written by: Katherine Caspersz
There are so many podcasts out there (available on iTunes or similar music sharing sites), from so many different companies (CBC Radio One, BBC Radio, etc), and it seems like people have quite a few misconceptions around how difficult it can be to create a podcast (I know I did). Thinking about it in the beginning, I thought “Okay, all I have to do is sit down, and record myself talking. Easy enough.” But I was severely wrong about that.
Before you can even think about recording your podcast, you have to have a topic to talk about in your recording. A successful podcast can’t just be about everyday musings and opinions (with some exceptions); it should raise questions, examine human nature, and/or make us think about all the things we interact with every day (nature, technology, other human beings, etc). So I decided to do a podcast on the topic of love in 2015, and the various “vehicles” of love (like Tinder, which my podcast focuses on). Once I had my topic (or a vague idea of what my topic would be), I realized I had no idea where to start with creating the podcast. The first place to start, as I learned throughout the duration of the WRIT 1004 course, is with the research.
My research began slowly, but picked up speed quickly. I decided the best way to learn about Tinder (since I am in a relationship and had never tried the app before), was to put myself on it. I have to say, “super-likes” (where a person of the sex you are interested in doesn’t just like you by swiping the screen to the right, but swipes in an upward motion to “SUPER”-like you) are quite flattering.
And I will admit that I lied a bit in my profile (as I’m certain many of the users do). I exaggerated a bit when I called myself a “yogi” and “ballet dancer” (I’ve only taken about 11 yoga classes in my entire life, and even less ballet classes). I realized while on the app that the way to “play” the dating game is to, essentially, sell yourself. So that’s what I did.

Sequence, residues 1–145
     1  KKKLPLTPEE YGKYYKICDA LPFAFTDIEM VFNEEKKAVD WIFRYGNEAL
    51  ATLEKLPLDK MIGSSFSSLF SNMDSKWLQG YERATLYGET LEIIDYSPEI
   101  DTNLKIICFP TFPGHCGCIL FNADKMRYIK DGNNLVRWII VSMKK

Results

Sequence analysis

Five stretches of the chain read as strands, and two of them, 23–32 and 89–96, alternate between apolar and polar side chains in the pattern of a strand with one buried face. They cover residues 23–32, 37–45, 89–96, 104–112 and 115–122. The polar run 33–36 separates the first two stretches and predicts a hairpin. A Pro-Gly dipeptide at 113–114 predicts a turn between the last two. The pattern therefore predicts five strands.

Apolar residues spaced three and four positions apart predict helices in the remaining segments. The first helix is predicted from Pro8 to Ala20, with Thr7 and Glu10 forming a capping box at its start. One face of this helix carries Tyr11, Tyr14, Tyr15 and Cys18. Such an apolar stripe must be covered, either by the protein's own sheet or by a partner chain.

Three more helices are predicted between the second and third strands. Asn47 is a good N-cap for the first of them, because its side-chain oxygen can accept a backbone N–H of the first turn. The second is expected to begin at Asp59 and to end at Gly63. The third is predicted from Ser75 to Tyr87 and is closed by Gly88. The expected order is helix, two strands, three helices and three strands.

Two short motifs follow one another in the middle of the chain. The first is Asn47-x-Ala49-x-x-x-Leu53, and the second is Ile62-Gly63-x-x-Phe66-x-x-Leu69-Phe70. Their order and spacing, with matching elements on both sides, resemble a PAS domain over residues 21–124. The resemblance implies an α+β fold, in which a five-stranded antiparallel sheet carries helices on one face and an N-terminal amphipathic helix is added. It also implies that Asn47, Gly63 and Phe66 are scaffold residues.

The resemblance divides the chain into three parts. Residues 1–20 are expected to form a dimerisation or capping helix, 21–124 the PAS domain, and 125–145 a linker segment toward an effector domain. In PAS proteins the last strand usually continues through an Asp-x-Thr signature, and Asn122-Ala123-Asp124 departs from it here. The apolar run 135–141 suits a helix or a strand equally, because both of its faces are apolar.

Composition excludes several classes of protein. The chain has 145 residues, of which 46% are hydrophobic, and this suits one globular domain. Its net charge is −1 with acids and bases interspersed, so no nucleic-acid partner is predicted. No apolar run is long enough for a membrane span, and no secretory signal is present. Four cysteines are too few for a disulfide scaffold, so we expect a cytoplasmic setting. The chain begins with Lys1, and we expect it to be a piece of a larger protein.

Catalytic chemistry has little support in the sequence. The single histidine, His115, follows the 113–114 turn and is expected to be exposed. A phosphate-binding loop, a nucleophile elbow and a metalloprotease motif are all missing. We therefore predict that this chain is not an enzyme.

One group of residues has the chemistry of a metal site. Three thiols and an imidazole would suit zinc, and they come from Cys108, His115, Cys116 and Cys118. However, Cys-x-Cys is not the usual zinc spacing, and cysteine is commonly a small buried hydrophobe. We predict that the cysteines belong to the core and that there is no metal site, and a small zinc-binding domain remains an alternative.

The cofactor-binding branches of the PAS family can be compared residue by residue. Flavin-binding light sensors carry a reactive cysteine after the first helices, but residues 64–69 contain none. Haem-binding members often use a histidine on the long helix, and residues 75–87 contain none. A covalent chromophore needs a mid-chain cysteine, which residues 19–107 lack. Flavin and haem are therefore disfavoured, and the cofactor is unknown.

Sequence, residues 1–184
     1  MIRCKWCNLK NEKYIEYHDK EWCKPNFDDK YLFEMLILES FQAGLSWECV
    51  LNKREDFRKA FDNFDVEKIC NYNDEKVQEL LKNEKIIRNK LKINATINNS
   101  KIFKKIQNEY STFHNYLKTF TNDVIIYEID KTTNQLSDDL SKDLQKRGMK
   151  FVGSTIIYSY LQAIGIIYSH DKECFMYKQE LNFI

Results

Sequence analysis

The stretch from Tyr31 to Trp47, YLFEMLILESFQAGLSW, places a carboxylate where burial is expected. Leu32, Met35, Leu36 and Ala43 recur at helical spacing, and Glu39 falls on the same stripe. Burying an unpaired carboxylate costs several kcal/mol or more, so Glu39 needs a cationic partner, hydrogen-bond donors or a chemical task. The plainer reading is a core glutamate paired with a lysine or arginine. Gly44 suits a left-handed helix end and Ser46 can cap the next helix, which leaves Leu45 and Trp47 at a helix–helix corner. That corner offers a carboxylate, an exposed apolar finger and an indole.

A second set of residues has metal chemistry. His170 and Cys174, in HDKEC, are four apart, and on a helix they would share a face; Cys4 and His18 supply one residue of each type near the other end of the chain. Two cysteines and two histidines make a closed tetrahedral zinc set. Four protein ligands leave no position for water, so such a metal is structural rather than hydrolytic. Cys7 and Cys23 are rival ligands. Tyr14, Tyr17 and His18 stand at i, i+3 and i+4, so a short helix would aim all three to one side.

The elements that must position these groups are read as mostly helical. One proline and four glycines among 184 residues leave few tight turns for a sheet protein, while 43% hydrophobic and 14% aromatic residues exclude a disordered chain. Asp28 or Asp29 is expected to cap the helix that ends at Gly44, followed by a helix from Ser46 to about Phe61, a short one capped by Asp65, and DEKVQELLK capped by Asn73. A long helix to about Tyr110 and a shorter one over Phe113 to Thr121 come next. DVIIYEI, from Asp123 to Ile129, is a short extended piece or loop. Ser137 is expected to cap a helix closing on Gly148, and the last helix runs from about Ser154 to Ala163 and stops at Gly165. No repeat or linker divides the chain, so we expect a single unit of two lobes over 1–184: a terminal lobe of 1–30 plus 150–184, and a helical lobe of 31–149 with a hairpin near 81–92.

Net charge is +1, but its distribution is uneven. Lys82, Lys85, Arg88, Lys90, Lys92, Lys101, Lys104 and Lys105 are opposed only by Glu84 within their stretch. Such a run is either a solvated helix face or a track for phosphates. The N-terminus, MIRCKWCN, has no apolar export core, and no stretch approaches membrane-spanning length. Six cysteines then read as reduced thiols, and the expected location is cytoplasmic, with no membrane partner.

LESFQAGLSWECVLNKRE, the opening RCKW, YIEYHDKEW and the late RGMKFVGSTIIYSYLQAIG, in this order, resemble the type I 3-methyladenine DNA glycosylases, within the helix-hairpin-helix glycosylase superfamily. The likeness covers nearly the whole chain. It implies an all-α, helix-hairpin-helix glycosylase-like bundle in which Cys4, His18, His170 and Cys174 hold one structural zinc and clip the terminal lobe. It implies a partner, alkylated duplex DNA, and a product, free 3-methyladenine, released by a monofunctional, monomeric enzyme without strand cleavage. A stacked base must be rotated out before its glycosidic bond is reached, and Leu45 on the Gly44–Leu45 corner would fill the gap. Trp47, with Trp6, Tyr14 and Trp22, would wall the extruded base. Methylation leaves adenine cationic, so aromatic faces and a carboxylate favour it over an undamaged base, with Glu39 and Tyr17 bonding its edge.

In the end, I got a total of 9 matches (which my boyfriend was very unhappy about). A few of them tried to make conversation, and actually seemed interested in talking with me, rather than just hooking up (which was honestly all I expected when I joined the app). They did eventually ask for my number, and I did have to politely withhold it.
My experience on Tinder made me a bit sad for the state of meeting people in 2015. Why is it weird to strike up a conversation with a stranger in real life? Most of the people I interviewed for my podcast—given the choice of meeting a person in real life or through social media— decided that they would rather meet and converse with strangers through the latter. Two out of the seven interview subjects would prefer, in theory, to meet people face-to-face.
I’m sure there are still people who have relationships that started with them meeting their significant other as a stranger in public. But I don’t know of any that have started that way.
It seems that, today, the way you present yourself online (through your social avatar) has a huge effect on what kinds of relationships you create.